Consider that John Hurt's character Kane becomes the first recipient of the alien's reproductive advances. Whisper-thin, British and sexually ambiguous, Kane is depicted - at one point in the film - wearing an undergarment that appears to be a girdle; something that is distinctly "feminizing" to him. Also, Kane lives the most dangerous (or is it promiscuous?) life-style of anyone amongst the crew. He is the first to waken from cryo-sleep, the first to suggest a walk to the derelict, and the only man who goes down into the egg chamber. He is well-acquainted with danger as (stereotypically...) one might expect of a homosexual man circa 1979. (Note: I said "stereotypically" so don't send the PC police after me, all right?)

As though the alien understands Kane's sexually-ambiguous, possibly homosexual nature, it is Kane who is made unwillingly receptive to an oral penetration: the insertion of the face-hugger's "tube" down his throat...where it lays the chest-buster. What emerges from this encounter is "Kane's son" (in Ash's terminology). But essentially, the alien forces Kane - a homosexual male by nature, to act in the role he might be familiar with; that of female. It's rape, of course, but it's more than that too.

Consider Ash, as well and this character's sexual underpinnings. He is actually a robot - a creature presumably incapable of having sex, and the film's subtext suggests that this inability, this repression of the sexual urge, has made him a monster too. When he attacks Ripley late in the film, Ash rolls up a pornographic magazine (surrounded by other examples of pornography) and attempts to jam it down her's his penis surrogate. The implication of this particular act is that he can't do the same thing with his penis, so that Ash must use the magazine in its stead. Later, Ash admits to the fact that he "envies" the alien (penis envy?) and one has to wonder if it is because the alien can sexually dominate any creature in a way Ash cannot manage. When Ash is unable to sate his repressed sexual desire with Ripley, the pressure literally causes him to explode: the android blood is a milky white, semen-like fluid. And it spurts everywhere...a true ejaculation. Ash, when confronted with his own sexuality and inability to express it...can't hold his wad.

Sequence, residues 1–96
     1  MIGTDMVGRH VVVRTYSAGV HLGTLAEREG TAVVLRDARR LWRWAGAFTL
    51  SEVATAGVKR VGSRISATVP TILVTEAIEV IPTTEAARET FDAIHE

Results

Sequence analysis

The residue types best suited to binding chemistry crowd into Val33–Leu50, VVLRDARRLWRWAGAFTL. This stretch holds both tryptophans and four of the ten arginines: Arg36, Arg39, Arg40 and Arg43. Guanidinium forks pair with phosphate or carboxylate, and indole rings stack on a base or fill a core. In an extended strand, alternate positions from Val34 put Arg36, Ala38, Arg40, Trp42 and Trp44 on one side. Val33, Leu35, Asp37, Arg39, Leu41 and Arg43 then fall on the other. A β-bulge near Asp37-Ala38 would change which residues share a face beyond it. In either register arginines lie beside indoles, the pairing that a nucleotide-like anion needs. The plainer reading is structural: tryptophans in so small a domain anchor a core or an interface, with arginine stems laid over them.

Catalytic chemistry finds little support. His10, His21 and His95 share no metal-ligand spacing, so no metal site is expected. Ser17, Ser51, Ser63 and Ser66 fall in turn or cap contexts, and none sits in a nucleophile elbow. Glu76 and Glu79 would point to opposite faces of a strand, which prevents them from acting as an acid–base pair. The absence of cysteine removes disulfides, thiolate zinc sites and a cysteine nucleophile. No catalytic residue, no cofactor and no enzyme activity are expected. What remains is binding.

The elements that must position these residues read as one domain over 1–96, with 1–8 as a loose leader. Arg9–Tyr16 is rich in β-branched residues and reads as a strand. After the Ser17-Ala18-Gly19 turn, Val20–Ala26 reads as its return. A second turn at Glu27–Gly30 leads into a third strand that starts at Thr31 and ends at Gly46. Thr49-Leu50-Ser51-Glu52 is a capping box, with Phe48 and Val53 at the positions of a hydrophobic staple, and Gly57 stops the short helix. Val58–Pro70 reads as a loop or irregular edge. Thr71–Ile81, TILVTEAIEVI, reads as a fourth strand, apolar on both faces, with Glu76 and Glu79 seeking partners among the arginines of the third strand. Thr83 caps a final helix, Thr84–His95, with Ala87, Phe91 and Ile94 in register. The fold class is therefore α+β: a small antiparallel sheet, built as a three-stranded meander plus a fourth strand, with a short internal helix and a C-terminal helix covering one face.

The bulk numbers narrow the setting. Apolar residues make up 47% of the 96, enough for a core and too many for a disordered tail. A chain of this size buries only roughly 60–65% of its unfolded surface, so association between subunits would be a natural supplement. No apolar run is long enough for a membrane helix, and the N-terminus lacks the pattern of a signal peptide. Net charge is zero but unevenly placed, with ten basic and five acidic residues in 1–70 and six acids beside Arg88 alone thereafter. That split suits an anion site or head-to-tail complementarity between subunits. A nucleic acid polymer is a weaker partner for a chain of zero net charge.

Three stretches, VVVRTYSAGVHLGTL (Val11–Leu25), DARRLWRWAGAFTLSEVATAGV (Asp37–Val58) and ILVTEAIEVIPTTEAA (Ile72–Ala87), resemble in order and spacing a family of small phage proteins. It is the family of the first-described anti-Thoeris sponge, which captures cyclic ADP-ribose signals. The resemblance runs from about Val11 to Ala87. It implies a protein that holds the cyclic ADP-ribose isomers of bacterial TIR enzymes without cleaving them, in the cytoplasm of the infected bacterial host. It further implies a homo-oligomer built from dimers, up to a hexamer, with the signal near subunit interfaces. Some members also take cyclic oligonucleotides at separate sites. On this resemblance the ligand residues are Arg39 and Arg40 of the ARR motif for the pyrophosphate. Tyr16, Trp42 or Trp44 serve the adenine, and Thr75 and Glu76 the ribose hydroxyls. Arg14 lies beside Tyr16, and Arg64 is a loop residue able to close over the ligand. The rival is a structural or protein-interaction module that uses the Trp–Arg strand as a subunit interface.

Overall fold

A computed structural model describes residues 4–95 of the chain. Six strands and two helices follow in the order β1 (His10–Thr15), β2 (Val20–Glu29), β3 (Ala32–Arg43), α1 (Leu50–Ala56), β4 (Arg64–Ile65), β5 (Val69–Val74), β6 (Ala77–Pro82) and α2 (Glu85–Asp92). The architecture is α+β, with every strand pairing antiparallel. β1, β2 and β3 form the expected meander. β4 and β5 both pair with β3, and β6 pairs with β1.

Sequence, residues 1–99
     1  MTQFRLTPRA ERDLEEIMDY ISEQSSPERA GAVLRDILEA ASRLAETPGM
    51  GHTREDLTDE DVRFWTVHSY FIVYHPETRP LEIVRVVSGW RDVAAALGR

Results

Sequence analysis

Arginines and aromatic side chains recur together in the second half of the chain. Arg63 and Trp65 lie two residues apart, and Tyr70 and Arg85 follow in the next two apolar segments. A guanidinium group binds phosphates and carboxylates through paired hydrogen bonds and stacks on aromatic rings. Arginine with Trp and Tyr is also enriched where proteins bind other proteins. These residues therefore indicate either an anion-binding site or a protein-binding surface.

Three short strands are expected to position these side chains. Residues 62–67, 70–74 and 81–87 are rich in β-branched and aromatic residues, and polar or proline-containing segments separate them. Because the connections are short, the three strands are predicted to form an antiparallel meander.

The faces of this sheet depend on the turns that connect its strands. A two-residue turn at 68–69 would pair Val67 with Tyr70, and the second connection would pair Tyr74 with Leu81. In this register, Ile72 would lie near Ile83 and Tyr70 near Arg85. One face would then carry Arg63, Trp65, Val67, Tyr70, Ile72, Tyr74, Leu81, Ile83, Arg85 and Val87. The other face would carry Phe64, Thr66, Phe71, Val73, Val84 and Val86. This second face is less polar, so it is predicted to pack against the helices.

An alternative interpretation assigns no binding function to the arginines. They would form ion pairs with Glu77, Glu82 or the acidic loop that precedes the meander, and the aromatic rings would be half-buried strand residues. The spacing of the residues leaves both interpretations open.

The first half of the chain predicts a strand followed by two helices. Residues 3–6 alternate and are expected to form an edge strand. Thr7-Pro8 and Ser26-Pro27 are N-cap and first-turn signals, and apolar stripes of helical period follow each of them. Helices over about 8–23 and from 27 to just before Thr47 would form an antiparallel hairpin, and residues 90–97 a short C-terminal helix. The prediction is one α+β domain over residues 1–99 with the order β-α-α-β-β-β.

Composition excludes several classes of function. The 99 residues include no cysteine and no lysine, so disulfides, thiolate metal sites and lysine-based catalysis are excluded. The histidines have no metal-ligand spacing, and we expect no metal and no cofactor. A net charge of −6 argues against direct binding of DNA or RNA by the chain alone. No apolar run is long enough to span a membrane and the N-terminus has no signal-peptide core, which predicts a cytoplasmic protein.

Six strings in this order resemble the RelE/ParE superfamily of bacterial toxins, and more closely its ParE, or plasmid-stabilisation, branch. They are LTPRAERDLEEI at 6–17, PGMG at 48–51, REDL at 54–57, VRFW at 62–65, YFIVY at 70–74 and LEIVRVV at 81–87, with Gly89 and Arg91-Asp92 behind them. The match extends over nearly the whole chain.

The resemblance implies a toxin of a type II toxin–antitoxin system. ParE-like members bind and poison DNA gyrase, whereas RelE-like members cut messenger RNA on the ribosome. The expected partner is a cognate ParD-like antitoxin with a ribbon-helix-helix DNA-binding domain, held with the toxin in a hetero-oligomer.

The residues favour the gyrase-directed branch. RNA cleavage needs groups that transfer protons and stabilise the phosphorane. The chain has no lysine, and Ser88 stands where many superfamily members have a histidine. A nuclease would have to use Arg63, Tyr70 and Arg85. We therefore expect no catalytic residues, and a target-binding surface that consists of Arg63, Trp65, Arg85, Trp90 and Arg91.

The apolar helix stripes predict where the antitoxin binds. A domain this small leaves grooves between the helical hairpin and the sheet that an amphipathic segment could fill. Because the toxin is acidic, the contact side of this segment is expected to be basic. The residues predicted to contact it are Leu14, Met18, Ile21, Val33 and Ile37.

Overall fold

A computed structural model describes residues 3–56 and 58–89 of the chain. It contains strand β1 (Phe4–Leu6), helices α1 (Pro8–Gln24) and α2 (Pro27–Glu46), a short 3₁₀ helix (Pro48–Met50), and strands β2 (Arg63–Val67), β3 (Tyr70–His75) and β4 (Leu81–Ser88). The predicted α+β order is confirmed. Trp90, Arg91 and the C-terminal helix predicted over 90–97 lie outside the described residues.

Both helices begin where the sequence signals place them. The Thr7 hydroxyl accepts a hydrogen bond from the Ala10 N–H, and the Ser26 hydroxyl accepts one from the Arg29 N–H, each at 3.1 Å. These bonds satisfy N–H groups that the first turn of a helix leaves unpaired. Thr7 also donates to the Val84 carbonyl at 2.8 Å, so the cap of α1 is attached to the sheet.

The most hyper-masculinized (again, stereotypically) character in Alien is Parker (Yaphet Kotto), a black man who brazenly discusses eating pussy during the scene leading up to the chest-burster moment. He has an antagonistic, adversarial relationship with Ripley, and is the character most often-seen carrying a weapon (a flame thrower). In another film, Parker might be our hero. In fact, he dies because of the stereotypical quality of chivalry, in a sense: he won't turn the flame thrower on the alien while a woman (Lambert) is in the line of fire. The alien dispatches Parker quickly (mano e mano), perhaps realizing he will never co-opt an alpha male like Parker to be his "bitch;" at least not the way Kane was used.

As for Lambert, the most-traditionally (and - again - stereotypically) female character in the film -- she gets raped by the alien as I noted above, presumably by the xenomorph's phallus-like tail. Again, the alien has exploited a character's biological/reproductive nature and used it to meets its own destructive, perverse needs.

Which brings me at long last to Ripley. A character role written for a man and played by a woman (Sigourney Weaver). She is the only survivor (along with Jones the Cat), of the alien's rampage on the Nostromo, and there's a case that can be made that the alien cannot so easily "tag" Ripley as either male or female, and that's why she survives. Kane is fey (possibly gay), Ash is a robot (and hence not able to express sexuality in a "normal" way), Parker is all man, and Lambert is all woman...but Ripley is a tall glass of water (practically an Amazon), and an authority figure (third in command). She is also the only character who balances common sense, heroism, and competence. Given this uncommon mix of stereotypically male and female qualities, the alien is not quite sure how to either "read" or "use" Ripley. In the final moments of the film, it does make a decision; it recognizes Ripley - the best of humanity whether male or female - as kindred; a survivor. So it rides (in secret) with her aboard the shuttle Narcissus as they escape the exploding Nostromo. Note that the alien could likely kill Ripley any time during that flight...but does not choose to do so. It knows it is in safe hands with her, at least for the time being. It uses her "competence," her skill (qualities of itself it recognizes in her?) to escape destruction...again proving its perfection. Here, perfection can be judged by how well it understands the enemy, the prey.